Good morning from glistening Fuxian lake in China’s southern Yunnan province, where Fortune is hosting the opening session of its inaugural Global Sustainability Forum. Eamon Barrett filling in for Alan Murray.
The Global Sustainability Forum was convened under the conviction that sustainability has shifted from the periphery to the core of business interests, and we’ve already seen proof of that today.
Dow Chemical CEO Jim Fitterling told the forum audience that he spends 25% of his time on sustainability issues. And he’s not alone—the company’s board, Fitterling says, has spent more time on sustainability this year than “just about anything else.”
“They believe it’s a purpose we have to tackle and they’ve believed it for a long time,” Fitterling says, noting this is Dow’s third decade of publishing long-term sustainability goals.
That might seem like an unlikely scenario for a petrochemical company, let alone one of the world’s largest producers of plastics—a material currently the scourge of environmentalists everywhere—but it’s because Dow is engaged in a “dirty” business that it needs to be clean. Every company wants to be profitable long-term but, if you’re not sustainable, that won’t happen.
Dow was actually included in Fortune’s Change The World list this year, for its efforts to create more durable road material by melting plastic scrap into tarmac — a process that not only cuts carbon emissions by reducing bitumen content but also saves some plastic from piling up at landfill sites.
That’s the sort of circular economy solution to waste that Fitterling advocated on stage here in Yunnan, arguing that litter piling up on beaches and drifting in the ocean isn’t really a problem with plastic: it’s a problem with waste.
“We have a linear economy which is designed to take these things and throw them out. Or we have recycling systems where we think things are going to be recycled but they aren’t,” Fitterling says, pointing to how waste from the U.S. is frequently dumped on beaches in Asia or elsewhere.
And that’s why global leaders need to step up and make changes because those problems are harder for small, local communities to deal with. Here at Fortune we’ve always believed that big business holds the real power to make change, and the Global Sustainability Forum is showcasing real ways that can be done.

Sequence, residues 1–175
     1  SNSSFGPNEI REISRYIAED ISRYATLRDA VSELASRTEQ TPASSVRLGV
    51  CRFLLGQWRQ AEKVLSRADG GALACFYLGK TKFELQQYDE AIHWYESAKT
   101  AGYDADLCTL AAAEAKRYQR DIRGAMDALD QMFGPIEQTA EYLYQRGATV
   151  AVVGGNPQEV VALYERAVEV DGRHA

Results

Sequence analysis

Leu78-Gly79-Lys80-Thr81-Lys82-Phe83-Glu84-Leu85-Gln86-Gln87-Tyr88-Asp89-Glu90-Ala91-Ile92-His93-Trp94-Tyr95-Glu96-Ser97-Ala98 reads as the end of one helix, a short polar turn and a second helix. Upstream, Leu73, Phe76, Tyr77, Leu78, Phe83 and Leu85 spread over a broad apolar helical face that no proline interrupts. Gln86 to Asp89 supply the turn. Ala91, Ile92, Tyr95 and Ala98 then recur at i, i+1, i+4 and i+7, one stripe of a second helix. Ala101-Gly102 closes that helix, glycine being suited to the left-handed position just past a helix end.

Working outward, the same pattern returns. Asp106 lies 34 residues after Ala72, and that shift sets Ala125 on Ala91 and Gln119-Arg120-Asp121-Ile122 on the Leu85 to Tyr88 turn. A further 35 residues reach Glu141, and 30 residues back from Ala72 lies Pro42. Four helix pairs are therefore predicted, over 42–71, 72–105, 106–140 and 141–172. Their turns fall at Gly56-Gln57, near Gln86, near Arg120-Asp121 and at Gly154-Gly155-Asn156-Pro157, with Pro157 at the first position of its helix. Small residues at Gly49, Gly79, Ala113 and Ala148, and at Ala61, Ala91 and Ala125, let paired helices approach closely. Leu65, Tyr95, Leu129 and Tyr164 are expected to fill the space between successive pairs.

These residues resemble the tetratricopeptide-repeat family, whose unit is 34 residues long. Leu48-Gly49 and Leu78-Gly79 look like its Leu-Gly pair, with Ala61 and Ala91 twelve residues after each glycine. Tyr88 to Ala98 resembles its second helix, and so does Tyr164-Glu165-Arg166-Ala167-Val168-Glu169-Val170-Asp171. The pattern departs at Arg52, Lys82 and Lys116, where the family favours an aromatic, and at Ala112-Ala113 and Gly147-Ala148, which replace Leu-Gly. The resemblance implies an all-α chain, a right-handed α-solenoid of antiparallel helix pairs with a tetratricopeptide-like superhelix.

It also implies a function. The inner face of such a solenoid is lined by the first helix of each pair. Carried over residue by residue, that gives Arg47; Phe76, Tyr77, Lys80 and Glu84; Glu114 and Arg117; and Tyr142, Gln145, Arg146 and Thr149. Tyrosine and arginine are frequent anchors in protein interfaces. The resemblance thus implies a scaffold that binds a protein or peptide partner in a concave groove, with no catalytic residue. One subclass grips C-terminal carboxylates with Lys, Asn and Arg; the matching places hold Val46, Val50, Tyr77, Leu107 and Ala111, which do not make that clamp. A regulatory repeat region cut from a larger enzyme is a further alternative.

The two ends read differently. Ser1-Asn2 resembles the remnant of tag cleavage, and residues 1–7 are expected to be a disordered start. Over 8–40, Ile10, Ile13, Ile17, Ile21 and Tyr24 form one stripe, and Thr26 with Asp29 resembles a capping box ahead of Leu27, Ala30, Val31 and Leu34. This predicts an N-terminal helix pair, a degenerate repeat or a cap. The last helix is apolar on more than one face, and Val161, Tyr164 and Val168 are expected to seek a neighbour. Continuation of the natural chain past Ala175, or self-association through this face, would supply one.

The forum continues tomorrow. Until then, more news below.
U.K. Prime Minister Boris Johnson resoundingly lost the first big vote of his premiership—a vote that paved the way for legislation blocking a no-deal Brexit at the end of October. Johnson also saw his government’s one-person majority disappear in front of his eyes, as Conservative MP Phillip Lee crossed the floor to join the Liberal Democrats. That majority then plowed firmly into negative territory, after the PM made good on his threat to eject 21 Conservative rebel MPs from the party. Johnson now wants a general election in mid-October, but the opposition won’t play ball until the anti-no-deal law is etched in stone. In short, Johnson’s plans have blown up in his face. BBC
The U.S. manufacturing sector shrank last month—the first time it has done so in three years—largely thanks to the trade war. The news (based on an Institute for Supply Management index) knocked stocks and government bond yields. Wall Street Journal
President Trump reportedly had to be talked down from doubling his tariffs on Chinese goods, after he reacted furiously to China’s retaliation against said tariffs. Treasury Secretary Steven Mnuchin and U.S. Trade Representative Robert Lighthizer apparently got a bunch of CEOs to call the president and tell him why such a move would be a bad idea for the economy. CNBC
Hong Kong Chief Executive Carrie Lam will reportedly withdraw the extradition-to-mainland-China legislation that sparked the city’s mass protests. She had already suspended the legislation, but scrapping it would go some way towards meeting protestors’ demands. The news boosted Hong Kong stocks by almost 4%. Fortune
AROUND THE WATER COOLER
The exodus of top Cathay Pacific execs has continued with the resignation of chairman John Slosar, who says it’s about retirement and not any disagreement with the board. CEO Rupert Hogg quit last month, after China demanded the suspension of staffers who support the Hong Kong protests. Reuters
One big Eurozone country is bucking the near-recessionary trend, and it’s Spain. As the Financial Times notes, its continued growth is largely down to a shift from an export-driven model to a consumer-demand-driven model. FT
Volkswagen-owned Porsche has unveiled its first all-electric sports car, the Taycan. Germany answer to Tesla’s Model S will cost around $90,000 and have a range of around 310 miles. Bloomberg
Facebook is making its facial recognition features—such as suggesting names for people in photos—opt-in. This will come as music to the ears of privacy advocates. Fortune